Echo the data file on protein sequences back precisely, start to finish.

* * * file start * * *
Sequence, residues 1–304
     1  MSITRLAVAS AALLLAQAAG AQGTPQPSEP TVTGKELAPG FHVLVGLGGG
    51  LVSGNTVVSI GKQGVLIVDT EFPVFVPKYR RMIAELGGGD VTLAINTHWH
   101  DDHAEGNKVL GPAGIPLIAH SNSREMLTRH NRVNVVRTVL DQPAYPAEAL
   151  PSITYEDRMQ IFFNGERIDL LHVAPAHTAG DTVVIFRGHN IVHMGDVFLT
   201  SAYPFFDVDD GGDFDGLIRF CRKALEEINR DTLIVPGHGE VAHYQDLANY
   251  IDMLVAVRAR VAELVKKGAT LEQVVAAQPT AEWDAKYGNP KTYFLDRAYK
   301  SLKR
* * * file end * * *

Sequence, residues 1–304
     1  MSITRLAVAS AALLLAQAAG AQGTPQPSEP TVTGKELAPG FHVLVGLGGG
    51  LVSGNTVVSI GKQGVLIVDT EFPVFVPKYR RMIAELGGGD VTLAINTHWH
   101  DDHAEGNKVL GPAGIPLIAH SNSREMLTRH NRVNVVRTVL DQPAYPAEAL
   151  PSITYEDRMQ IFFNGERIDL LHVAPAHTAG DTVVIFRGHN IVHMGDVFLT
   201  SAYPFFDVDD GGDFDGLIRF CRKALEEINR DTLIVPGHGE VAHYQDLANY
   251  IDMLVAVRAR VAELVKKGAT LEQVVAAQPT AEWDAKYGNP KTYFLDRAYK
   301  SLKR